Many people use Individual Retirement Accounts (“IRAs”) as an investment tool when planning for retirement. Like any other asset, IRA owners have the right to name whomever they wish to be the beneficiary of the account. If you have significant assets, you might want to consider setting up a trust that is designated to be the beneficiary of your IRA after you pass away.
Though IRAs are generally protected from creditor claims while the owner of the account is still living, once the account owner dies and a beneficiary inherits the assets, the assets will likely lose their protected status. However, assets put into a trust for the benefit of a beneficiary will be protected, as long as the funds remain inside the trust and are only distributed upon the discretion of the trustee.
An IRA Beneficiary Trust will also protect a beneficiary from themselves. Naming a trust as the beneficiary of your IRA account will protect your beneficiary from his or her own bad decisions, excessive spending habits, financial irresponsibility, and overreaching spouses.
Most account owners designate a beneficiary with the intention of stretching the inherited assets over a prolonged period of time. If your IRA is left directly to your beneficiaries outside of a trust, then your beneficiaries can immediately cash out your IRA account and spend the money as they want. In this situation, the beneficiary loses the ability to stretch the assets and will incur a substantial tax liability for the amount withdrawn.
However, if your IRA passes to your beneficiaries through an IRA trust, you can restrict beneficiary distributions and limit how your assets are spent. This will create an ongoing legacy for your family since the IRA assets that are not used during a beneficiary’s lifetime can continue in trust for the benefit of the beneficiary’s descendants. This will also be important if the beneficiary already has a taxable estate since the IRA Trust can be drafted to minimize or even eliminate estate taxes in the beneficiary’s estate through generation-skipping trust planning.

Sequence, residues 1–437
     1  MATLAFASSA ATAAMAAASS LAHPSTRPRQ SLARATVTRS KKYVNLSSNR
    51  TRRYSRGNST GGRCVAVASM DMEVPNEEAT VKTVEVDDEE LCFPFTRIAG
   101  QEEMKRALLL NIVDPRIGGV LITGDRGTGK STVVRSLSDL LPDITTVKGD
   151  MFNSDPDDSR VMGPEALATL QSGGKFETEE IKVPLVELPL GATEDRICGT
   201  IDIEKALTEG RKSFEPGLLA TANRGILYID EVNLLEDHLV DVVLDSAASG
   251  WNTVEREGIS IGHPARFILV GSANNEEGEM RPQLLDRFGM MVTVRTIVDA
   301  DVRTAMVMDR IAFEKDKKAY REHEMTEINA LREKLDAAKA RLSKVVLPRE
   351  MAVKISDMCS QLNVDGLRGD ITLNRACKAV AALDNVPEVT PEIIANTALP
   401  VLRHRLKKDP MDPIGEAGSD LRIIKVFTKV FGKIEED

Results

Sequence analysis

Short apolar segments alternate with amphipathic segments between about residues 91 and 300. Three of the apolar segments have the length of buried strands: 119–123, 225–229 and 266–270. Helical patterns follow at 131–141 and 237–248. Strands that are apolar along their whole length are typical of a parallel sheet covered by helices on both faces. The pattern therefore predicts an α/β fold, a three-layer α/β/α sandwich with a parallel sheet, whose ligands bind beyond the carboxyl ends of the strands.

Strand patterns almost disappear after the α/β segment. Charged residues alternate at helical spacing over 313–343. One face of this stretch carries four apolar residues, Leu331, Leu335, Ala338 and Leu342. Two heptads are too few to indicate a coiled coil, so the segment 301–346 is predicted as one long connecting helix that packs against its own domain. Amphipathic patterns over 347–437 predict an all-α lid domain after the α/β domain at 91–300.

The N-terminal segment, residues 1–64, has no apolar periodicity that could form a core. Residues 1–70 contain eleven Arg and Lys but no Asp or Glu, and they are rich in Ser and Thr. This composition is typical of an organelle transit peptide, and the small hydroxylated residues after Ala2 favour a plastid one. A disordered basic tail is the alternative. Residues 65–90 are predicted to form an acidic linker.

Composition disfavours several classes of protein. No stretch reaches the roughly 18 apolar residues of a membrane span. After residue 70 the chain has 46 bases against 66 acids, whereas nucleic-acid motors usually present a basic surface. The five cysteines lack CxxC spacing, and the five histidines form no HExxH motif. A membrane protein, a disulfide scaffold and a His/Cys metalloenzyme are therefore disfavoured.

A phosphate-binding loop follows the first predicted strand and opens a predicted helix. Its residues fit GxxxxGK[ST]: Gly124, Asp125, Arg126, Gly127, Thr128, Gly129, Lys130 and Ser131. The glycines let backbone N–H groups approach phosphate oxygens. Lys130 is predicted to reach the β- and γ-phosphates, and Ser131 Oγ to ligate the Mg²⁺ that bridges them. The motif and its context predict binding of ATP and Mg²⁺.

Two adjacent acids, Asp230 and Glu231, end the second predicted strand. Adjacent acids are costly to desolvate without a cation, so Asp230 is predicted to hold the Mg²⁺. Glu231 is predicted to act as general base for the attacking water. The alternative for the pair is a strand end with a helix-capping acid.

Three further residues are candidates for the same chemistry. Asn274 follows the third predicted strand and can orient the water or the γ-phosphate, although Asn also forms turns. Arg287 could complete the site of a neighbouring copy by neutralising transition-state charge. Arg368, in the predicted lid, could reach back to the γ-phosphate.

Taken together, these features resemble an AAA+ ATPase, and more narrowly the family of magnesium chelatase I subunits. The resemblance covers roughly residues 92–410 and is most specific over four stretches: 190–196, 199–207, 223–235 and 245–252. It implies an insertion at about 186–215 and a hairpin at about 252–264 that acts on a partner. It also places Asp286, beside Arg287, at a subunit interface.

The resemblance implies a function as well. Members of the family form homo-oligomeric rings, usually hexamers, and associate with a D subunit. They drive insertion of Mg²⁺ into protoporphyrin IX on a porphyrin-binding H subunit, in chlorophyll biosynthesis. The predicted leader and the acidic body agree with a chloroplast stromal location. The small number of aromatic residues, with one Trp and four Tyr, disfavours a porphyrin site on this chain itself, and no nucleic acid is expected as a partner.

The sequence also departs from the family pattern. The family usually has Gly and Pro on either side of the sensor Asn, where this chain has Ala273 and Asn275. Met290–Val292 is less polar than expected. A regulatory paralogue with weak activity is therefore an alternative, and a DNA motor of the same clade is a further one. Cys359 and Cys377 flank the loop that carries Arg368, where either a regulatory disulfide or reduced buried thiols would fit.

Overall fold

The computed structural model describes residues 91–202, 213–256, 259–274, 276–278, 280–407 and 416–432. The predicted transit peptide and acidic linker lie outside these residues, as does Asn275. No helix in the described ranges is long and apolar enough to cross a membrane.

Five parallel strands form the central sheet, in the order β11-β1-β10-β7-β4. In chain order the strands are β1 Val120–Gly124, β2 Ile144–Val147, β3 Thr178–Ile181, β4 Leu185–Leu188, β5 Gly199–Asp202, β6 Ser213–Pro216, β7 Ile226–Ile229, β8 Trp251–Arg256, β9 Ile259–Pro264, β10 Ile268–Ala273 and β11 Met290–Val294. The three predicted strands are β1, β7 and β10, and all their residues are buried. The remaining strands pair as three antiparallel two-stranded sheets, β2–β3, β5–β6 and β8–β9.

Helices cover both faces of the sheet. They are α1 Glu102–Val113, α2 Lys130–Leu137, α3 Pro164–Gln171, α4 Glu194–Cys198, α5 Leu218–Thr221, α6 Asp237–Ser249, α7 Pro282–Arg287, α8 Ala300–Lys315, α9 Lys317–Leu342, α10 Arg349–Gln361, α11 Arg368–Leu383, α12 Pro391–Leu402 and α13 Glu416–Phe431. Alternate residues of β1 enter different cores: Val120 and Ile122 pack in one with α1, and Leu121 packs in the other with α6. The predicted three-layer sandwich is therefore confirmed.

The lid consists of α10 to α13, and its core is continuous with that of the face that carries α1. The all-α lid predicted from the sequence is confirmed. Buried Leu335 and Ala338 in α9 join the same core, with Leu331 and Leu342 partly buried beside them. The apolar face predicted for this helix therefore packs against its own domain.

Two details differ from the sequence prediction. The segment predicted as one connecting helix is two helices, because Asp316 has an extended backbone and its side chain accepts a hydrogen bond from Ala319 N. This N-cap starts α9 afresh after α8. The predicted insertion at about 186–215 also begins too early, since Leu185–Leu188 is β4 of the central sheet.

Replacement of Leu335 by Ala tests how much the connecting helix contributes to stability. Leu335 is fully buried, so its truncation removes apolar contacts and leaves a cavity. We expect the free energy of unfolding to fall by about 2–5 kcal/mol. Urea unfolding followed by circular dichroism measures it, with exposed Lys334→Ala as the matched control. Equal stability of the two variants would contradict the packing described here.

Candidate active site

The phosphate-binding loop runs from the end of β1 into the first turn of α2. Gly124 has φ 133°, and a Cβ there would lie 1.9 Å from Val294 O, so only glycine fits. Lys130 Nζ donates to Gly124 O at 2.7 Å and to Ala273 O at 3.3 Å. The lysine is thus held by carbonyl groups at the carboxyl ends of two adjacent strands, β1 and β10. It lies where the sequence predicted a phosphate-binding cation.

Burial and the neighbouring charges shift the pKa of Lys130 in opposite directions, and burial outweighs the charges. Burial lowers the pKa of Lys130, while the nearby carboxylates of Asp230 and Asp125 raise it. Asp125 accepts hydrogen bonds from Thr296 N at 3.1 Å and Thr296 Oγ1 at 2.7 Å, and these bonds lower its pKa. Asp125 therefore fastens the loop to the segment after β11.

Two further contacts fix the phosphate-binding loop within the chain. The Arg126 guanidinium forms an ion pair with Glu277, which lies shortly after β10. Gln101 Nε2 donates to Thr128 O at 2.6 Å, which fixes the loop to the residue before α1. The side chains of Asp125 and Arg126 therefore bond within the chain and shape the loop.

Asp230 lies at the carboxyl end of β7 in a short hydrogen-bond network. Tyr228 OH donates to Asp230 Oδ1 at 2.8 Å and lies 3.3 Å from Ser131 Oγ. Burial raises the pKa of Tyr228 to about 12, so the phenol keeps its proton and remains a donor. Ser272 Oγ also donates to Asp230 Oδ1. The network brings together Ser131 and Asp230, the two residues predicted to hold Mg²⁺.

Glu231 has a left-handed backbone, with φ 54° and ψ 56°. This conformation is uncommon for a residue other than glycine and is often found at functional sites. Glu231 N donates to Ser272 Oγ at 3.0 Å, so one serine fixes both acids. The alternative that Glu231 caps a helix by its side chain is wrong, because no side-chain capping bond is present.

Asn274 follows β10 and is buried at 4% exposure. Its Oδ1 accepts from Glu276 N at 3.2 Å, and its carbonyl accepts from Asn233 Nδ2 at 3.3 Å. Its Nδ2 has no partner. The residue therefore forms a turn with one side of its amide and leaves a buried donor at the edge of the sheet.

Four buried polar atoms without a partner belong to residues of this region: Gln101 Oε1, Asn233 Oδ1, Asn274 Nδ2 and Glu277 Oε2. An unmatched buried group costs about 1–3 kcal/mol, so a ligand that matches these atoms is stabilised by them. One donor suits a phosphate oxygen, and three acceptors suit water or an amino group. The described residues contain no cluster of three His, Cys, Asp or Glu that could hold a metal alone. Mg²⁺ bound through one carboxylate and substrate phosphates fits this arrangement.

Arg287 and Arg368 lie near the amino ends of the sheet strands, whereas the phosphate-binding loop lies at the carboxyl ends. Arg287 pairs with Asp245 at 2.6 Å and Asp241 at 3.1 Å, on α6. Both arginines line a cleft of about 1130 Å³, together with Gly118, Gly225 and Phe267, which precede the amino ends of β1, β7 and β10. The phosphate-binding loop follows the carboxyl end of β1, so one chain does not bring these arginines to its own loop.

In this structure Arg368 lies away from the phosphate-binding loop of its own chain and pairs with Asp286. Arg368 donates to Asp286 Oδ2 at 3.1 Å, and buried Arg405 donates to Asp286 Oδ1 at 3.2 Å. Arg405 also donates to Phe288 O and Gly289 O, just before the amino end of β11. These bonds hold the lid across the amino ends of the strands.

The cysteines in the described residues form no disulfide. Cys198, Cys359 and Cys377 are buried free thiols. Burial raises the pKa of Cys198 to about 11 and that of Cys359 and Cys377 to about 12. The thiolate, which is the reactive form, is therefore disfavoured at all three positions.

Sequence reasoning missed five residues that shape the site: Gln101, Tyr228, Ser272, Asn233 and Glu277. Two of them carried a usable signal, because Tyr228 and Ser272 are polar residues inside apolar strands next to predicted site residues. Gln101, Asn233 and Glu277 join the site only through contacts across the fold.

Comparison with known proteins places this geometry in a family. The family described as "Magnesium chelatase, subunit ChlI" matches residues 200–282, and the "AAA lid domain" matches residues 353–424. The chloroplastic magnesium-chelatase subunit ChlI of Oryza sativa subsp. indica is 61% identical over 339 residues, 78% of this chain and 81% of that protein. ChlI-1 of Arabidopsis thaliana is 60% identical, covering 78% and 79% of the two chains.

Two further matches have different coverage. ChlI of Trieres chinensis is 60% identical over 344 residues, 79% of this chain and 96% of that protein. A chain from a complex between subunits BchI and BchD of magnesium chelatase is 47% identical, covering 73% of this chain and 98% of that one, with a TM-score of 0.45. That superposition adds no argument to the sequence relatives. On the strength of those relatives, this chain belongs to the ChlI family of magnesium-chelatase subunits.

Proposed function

In order to benefit from an IRA Beneficiary Trust, it is imperative that the trust is properly set up. The IRS only considers individuals to be “designated beneficiaries” for purposes of taking advantage of stretch IRA provisions. This means that if your trust is not properly established, it will not be able to take advantage of the stretch IRA provisions and all assets will have to be distributed within five years of the owner’s death. In order for your trust is to be regarded as designated beneficiary, your trust must meet for specific requirements:
Your trust must be legally formed and meet any formal requirements imposed by your state. Usually, this means the trust must not be handwritten and must be properly signed and executed as a trust.
While the rules require that the trust be irrevocable (or become so upon death), IRA beneficiary designations themselves remain revocable until death. This means even if an “irrevocable” trust is named as a beneficiary of an IRA, the IRA owner can still “change” the trust by simply creating a new irrevocable trust and changing the beneficiary designation from the “old” irrevocable trust to the “new” irrevocable trust (or alternatively, just get rid of the irrevocable trust altogether if desired).
To be considered a designated beneficiary, the trust beneficiaries must be identified by name or class, such as “my children” or “my grandchildren.” Importantly, each beneficiary must be a living, breathing human being. If a charity or some other non-living entity is named as a trust beneficiary, then the trust will not be able to do a stretch over the life expectancy of the underlying beneficiaries because not all the underlying beneficiaries as designated beneficiaries with a life expectancy in the first place.
The Treasury Regulations mandate that the IRA custodian be provided with either a final list of all trust beneficiaries along with a certification by the trustee that all of the requirements for stretch distribution are met under the trust, or the trust provide a copy of the actual trust documents.
If these four requirements are met, your trust may qualify as a designated beneficiary of your IRA, allowing the post-death RMDs to be “stretched” based upon the life expectancy of the oldest trust beneficiary.